And so I say, with the right pigments
, properly compounded, an absolutely black paint could be produced which would render invisible whatever it was applied to.
Oswald, broach the oldest wine-cask; place the best mead, the mightiest ale, the richest morat, the most sparkling cider, the most odoriferous pigments
, upon the board; fill the largest horns* Templars and Abbots
You will flutter high, but your wings are of the finest gauze, dusted with the fairest pigments
From brother Francis I have learned to paint on vellum, on glass, and on metal, with a knowledge of those pigments
and essences which can preserve the color against damp or a biting air.
Then I rapidly told him the history of my meeting with his wife, and depicted, in harrowing pigments
of phrase, the distress of her mind.
And as for the pigments
, well, I'll use them, some of these days; and to show that I'm in earnest, I'll get Dick here to prepare a canvas.
He was occupied with the forming of a pattern out of the manifold chaos of life, and the materials with which he worked seemed to make preoccupation with pigments
and words very trivial.
His eyes were yellow and muddy, as though Nature had run short on pigments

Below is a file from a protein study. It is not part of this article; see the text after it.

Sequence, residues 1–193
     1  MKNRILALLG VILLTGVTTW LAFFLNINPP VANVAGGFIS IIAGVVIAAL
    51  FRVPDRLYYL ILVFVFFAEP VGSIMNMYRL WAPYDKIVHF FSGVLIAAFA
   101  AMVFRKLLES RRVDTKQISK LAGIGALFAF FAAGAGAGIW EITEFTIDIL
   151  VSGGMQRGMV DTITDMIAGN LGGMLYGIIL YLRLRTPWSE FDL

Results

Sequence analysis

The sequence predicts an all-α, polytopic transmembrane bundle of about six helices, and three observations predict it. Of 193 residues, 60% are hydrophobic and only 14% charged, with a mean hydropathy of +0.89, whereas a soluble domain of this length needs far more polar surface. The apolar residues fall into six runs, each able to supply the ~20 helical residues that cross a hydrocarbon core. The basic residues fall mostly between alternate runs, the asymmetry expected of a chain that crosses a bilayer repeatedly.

and squeezed together the dregs of all her tubes.
To which Sancho made answer, "By the living God, Sir Knight of the Rueful Countenance, I cannot endure or bear with patience some of the things that your worship says; and from them I begin to suspect that all you tell me about chivalry, and winning kingdoms and empires, and giving islands, and bestowing other rewards and dignities after the custom of knights-errant, must be all made up of wind and lies, and all pigments
or figments, or whatever we may call them; for what would anyone think that heard your worship calling a barber's basin Mambrino's helmet without ever seeing the mistake all this time, but that one who says and maintains such things must have his brains addled?
Swiftly I threw off my clothes, pulled on those of a beggar, and put on my pigments
With these facts, here far too briefly and imperfectly given, which show that there is much graduated diversity in the eyes of living crustaceans, and bearing in mind how small the number of living animals is in proportion to those which have become extinct, I can see no very great difficulty (not more than in the case of many other structures) in believing that natural selection has converted the simple apparatus of an optic nerve merely coated with pigment
and invested by transparent membrane, into an optical instrument as perfect as is possessed by any member of the great Articulate class.
We had traversed the entire way without mishap or adventure, and though the few we had met had eyed the great calot wonderingly, none had pierced the red pigment
with which I had smoothly smeared every square inch of my body.